Home' The Wellingtonian : August 2nd 2012 Contents 19
THE WELLINGTONIAN, AUGUST 2, 2012
A hard day's night for London 2012
Not so fab: Sir Paul McCartney performs during the Opening Ceremony of
the London 2012 Olympic Games at the Olympic Stadium on July 27.
Photo: GETTY IMAGES
Two jarring moments detrac-
ted from an otherwise out-
standing London Olympics
Former Beatle Paul McCartney,
hair dyed, face lifted, really
struggled to belt out one of his
signature songs, Hey Jude,atthe
end of the show.
It was the sort of stage that in
years past McCartney would have
relished, with 80,000 spectators
inside the Olympic Stadium in a
party mood. But McCartney
looked like what he was: a
70-year-old rocker desperately
trying to cling to his youth.
He was a long way removed
from his Beatles days.
wasn't the saddest sight of the
That was Muhammad Ali, the
70-year-old former world heavy-
weight boxing champion.
I'm not quite sure why Ali was
even brought to London. He's an
It's not as if the English don't
have enough sports stars of their
own. Steve Ovett or Sally
Gunnell, both world champion
athletes, would have been more
Ali lit the Olympic flame in
Atlanta in 1996. He was 54 and
just managed to steady his
Parkinson's-ravaged body enough
to perform the task.
He was lauded at the time and
given the respect he had earned,
because of what he had done in
and out of the ring.
Sixteen years later it was dis-
tressing to see him so lifeless and
He stood shaking, wearing dark
glasses, hair dyed jet black,
propped up by his attentive wife
Lonnie. There was no suggestion
he might be able to wave, let alone
Those close to Ali say he is
totally aware of his surroundings,
but is simply unable to convey
that physically. I hope that's the
case, but it didn't look like it.
Ali is my all-time sports hero.
I consider myself fortunate to
have grown up in the era of Jack
Nicklaus, Rod Laver, Pele and
Peter Snell. But Ali is my per-
sonal No 1, as he is for many
sports fans of my generation.
I loved the way he boxed, and I
enjoyed the colour he brought to
the world of sport.
But that was a different Ali.
The ailing man who was on
show in London was a reminder of
how cruel his sport can be.
When he bounced into England
in the 1960s to take on "Our
'Enry" (Henry Cooper) twice, and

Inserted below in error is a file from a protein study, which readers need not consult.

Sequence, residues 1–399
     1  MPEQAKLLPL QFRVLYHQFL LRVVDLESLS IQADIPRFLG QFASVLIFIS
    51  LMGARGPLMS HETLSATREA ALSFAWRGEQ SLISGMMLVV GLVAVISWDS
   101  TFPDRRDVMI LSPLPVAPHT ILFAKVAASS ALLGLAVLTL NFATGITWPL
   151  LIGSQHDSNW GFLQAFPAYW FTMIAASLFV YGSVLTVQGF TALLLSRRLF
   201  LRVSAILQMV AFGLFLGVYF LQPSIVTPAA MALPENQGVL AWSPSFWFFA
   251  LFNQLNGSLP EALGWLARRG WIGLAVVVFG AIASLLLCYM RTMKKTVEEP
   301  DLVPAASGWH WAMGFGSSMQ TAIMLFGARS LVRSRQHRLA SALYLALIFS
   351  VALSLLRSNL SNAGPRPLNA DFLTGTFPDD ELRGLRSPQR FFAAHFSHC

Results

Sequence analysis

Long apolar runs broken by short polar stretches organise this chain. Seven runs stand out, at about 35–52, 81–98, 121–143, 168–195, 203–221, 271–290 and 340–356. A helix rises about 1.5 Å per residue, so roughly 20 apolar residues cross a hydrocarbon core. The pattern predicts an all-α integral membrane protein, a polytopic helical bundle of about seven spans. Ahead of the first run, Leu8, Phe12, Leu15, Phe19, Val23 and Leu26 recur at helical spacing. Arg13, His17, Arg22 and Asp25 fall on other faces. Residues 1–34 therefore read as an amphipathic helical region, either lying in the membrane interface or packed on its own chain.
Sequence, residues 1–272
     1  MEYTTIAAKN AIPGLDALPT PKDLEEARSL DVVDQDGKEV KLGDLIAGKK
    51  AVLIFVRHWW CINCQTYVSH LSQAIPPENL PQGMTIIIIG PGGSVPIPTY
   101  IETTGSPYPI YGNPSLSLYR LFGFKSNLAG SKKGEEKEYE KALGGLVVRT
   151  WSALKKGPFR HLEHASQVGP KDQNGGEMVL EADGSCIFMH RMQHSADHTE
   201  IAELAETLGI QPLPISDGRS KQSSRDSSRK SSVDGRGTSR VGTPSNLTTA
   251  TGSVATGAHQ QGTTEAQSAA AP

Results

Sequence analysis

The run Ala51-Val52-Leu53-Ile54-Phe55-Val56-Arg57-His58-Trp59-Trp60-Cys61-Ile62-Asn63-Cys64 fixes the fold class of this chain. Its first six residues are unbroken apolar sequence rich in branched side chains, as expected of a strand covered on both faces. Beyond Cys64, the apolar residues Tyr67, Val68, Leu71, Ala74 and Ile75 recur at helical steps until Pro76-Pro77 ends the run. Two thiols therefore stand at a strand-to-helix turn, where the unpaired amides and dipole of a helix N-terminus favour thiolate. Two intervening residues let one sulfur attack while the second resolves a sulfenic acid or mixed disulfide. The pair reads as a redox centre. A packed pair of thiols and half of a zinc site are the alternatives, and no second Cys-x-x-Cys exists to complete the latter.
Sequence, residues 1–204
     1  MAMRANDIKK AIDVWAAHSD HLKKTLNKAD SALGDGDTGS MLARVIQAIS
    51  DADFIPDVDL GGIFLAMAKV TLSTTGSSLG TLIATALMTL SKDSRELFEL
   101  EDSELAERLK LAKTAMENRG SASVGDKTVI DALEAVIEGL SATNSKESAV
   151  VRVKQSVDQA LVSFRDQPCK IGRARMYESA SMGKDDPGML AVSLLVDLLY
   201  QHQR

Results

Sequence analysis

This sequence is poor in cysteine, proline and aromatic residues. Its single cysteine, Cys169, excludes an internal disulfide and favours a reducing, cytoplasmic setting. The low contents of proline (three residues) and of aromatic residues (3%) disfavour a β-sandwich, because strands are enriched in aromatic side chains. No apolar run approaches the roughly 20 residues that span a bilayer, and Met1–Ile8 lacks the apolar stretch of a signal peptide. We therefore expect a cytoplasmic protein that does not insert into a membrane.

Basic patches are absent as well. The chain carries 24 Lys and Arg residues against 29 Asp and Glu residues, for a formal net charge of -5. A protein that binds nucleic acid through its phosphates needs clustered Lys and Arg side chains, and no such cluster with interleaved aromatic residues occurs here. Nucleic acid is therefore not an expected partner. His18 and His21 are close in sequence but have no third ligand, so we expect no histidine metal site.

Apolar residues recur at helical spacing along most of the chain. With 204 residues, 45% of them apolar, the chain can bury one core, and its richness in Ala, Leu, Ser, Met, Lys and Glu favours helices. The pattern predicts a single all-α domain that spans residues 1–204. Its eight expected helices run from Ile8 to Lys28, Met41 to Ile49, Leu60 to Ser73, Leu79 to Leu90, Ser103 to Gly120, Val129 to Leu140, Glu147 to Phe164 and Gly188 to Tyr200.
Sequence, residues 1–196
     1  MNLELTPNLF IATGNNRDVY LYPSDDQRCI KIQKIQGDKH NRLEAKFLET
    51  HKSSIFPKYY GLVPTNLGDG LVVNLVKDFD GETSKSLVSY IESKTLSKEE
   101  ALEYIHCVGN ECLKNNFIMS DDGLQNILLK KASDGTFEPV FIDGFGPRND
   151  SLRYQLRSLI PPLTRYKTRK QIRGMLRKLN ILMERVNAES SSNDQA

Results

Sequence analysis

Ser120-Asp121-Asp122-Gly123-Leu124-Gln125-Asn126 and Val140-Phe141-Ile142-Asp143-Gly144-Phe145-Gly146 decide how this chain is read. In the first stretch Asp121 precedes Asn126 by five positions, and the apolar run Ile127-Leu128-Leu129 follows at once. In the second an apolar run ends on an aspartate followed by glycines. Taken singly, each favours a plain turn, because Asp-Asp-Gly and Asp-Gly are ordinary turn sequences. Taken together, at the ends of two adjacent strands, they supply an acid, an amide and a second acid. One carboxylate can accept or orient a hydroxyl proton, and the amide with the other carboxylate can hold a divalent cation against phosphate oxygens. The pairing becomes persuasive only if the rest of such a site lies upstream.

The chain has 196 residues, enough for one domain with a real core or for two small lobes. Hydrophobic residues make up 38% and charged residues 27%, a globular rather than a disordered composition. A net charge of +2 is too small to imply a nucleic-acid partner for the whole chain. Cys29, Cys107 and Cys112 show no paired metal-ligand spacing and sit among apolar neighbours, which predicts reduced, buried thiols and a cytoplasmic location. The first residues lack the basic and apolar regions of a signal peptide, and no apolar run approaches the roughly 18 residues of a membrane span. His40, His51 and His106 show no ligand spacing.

another Englishman, Brian Lon-
don, Ali was about the liveliest
sports star on the planet. He was
charismatic, always ready with a
quip and immensely likeable.
When he fought Cooper in 1966,
he stepped into the ring wearing a
huge crown. The English didn't
know what to make of the brash
and brazen American, but they
sure wanted to watch him.
Everything he did was outland-
ish and newsworthy.
It wasn't a shock to see him in
his current state, because he's
been suffering from Parkinson's
since the early 1980s and it has
been really debilitating for the
past 15 years.
Even so, it was immensely
Perhaps the 15,000 athletes
competing at the London
Olympics could take one lesson
from watching Ali.
They should train hard and
strive to win.
Maybe even more importantly,
they should enjoy their youth,
their time in the sun.
You never know what's around
Paddlers brave cold
for popular event
Wellington kayakers have been braving
the cold and Evans Bay will provide the
venue on August 4 for the fourth race in
their winter series.
Depending on the weather, the race will
begin at either Shelly Bay or Hataitai
The seven-race series, which began in
May, finishes on September 16.
The series has changed from previous
years, which were organised by Wellingto-
nian Chester Burt.
Jorn Scherzer, of the Mana Pasifika
Outrigger Canoe Club, has organised races
at Ngati Toa Domain and Turi Hodges, of
Porirua Canoe Kayak Club, has organised
races at Onepoto on the Porirua Harbour.
The series has attracted waka ama pad-
dlers, stand-up paddleboard riders, surf
skis and kayaks, producing fields of up to
Races start at 10am with distances from
4km to 10km.
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